THE STORY OF COFFEE

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I enjoy a good cup of coffee. Oftentimes, coffee plays the role of fuel for many. It helps you get through the day. It keeps you warm when it’s chilly or rainy. It helps you poop.

But to me, coffee is more than just a cozy drink that warms my insides and pumps caffeine into my veins.

Coffee is how I pay the bills. I manage a local coffeeshop in north Kansas City, and have been there for about four and a half years. When I started working there, it was merely a means to pay for college as I pursued my degree in English Writing. After I graduated, I couldn’t see myself doing anything else. I wanted to write books. I knew I needed a way to pay the bills while I wrote, and coffee made the most sense to me.

I’ve often reflected on why I feel such a connection with the dark, aromatic liquid. It occurred to me that the process of producing a cup of coffee was very similar to creating stories and manuscripts.  

Last year I had the pleasure of visiting a coffee farm in the mountains of Puerto Rico, called Hacienda Pomarrosa. Here, I was able to witness the process first hand. It was eye opening for me to see how the coffee trees were grown. I imagined them in some sort of orchard or organized rows, like you would see apple trees or grape vines. This was much different. The trees were grown wherever they decided to grow, on a hilly mountainside in between other bits of tropical foliage, with orange and banana trees.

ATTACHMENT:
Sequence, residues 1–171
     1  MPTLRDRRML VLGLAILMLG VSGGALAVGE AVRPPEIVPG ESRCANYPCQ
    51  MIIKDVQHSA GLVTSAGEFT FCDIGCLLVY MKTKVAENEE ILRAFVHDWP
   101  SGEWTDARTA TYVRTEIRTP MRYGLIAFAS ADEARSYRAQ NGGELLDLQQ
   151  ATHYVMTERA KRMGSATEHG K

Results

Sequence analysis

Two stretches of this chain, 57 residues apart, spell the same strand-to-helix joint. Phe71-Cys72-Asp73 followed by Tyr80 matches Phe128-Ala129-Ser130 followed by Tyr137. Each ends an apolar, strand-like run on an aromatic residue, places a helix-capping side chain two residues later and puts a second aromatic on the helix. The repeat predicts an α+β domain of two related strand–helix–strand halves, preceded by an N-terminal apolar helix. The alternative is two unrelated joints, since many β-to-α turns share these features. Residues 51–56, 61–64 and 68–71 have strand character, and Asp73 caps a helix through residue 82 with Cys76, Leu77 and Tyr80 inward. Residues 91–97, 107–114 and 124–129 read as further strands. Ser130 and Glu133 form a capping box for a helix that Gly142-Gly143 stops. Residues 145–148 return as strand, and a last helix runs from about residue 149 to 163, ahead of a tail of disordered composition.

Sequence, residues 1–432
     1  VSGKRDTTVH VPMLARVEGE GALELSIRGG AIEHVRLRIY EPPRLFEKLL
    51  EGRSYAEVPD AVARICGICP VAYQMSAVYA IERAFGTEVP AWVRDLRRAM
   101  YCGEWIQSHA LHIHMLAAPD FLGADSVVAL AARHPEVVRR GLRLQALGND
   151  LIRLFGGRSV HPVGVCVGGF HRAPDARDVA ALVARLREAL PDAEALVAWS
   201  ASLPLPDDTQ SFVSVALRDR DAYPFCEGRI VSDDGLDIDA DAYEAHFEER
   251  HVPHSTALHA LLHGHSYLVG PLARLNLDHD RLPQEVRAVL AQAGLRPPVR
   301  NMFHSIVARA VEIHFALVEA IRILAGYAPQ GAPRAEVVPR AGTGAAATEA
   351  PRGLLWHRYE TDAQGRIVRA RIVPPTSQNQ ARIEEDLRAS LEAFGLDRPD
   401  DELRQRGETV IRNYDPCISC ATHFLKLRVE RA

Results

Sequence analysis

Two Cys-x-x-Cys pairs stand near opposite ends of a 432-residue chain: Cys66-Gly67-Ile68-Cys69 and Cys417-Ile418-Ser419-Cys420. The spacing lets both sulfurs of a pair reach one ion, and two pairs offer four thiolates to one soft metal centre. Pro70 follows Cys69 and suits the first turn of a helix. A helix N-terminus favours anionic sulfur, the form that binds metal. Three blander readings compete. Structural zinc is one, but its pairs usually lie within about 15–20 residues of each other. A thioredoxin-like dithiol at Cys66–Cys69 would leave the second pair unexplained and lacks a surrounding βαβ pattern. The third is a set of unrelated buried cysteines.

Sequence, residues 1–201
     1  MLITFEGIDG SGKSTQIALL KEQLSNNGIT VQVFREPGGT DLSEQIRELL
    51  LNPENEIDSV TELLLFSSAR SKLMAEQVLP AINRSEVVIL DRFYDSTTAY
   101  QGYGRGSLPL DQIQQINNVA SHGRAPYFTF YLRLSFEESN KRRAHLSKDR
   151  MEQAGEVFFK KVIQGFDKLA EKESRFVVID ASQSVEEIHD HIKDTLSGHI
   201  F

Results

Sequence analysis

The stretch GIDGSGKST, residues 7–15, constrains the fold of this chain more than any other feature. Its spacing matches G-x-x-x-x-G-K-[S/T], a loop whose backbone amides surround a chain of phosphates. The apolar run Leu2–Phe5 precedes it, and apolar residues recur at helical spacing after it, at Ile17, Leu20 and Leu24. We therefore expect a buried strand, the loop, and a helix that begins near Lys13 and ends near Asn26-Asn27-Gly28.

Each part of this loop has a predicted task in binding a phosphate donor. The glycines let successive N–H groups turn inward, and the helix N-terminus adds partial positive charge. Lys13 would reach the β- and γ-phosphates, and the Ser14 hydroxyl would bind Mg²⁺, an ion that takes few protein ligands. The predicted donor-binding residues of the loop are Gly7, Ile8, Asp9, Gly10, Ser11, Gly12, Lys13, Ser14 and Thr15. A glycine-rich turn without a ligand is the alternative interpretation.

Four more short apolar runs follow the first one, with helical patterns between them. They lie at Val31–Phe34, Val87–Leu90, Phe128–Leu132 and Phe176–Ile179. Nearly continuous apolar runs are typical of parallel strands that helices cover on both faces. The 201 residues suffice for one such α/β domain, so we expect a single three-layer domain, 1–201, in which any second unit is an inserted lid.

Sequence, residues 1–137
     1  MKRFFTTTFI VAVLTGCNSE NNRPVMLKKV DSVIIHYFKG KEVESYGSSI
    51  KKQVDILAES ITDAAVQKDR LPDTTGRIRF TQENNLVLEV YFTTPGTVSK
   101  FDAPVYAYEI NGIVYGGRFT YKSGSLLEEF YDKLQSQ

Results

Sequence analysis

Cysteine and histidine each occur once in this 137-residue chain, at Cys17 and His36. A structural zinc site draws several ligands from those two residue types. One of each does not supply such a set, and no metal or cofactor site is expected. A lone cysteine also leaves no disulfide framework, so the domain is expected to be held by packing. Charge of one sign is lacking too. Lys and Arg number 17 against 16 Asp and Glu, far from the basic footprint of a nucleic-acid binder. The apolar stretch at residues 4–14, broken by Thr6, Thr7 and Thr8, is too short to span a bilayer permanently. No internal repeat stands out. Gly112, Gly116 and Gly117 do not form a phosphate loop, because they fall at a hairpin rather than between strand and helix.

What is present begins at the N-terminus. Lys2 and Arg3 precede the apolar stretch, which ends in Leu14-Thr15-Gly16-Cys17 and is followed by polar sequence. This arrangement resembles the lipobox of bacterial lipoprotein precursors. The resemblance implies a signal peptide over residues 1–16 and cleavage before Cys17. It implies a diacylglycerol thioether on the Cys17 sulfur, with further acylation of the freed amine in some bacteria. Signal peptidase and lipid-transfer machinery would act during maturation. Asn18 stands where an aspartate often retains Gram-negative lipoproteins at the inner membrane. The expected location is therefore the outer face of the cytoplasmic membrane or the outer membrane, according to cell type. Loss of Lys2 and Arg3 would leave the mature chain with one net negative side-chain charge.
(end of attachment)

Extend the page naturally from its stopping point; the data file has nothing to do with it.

For me, these trees were like ideas. They are sporadic in where they sprout up, with story ideas growing amongst all the other thoughts of your day. These idea trees must be harvested, if you’re going to get any kind of fulfilling and healthy product out of them.

The trees sprout white flowers that in turn grow cherries, changing from green to red, and then grow the green coffee beans inside them. The maturation of the bean inside the cherry is like the development of the story as it’s written. Each stage of the coffee bean is like the stages of producing your best work: writing, rewriting, editing, beta reading, and editing again. There may be obstacles that threaten the harvest, like leaf rust, harmful insects or even worse, writer’s block.

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Though once it’s time, so much hard work is put into picking the cherries with bare hands on uneven ground. So much hard work is put into getting your manuscript ready for publication.

After all the hard work of the cherry’s getting picked, it’s almost as if the process has just begun. The beans need to be extracted from the sorted cherries, washed, dried, and bagged up in burlap sacks to be shipped to my shop where we will roast, grind, and brew them.

Of course my customers at the coffeehouse never see the process from the tree. All they know is the steaming mug of fresh coffee in their hands much like a reader holding your finished novel. They may not know the hard work and love that was put into your book, but the hope is that they enjoy the delicious, fulfilling product that they hold.  

So next time you sip a satisfying cup of coffee, think about the culture of the country you are drinking as it warms your throat. Think about the women that handpicked the cherries that made their way across the world to bring you happiness. Allow yourself to feel the connection between that cup in your hands, and the process of the craft of storytelling.

❤ Kristin and The Wordwraiths. 

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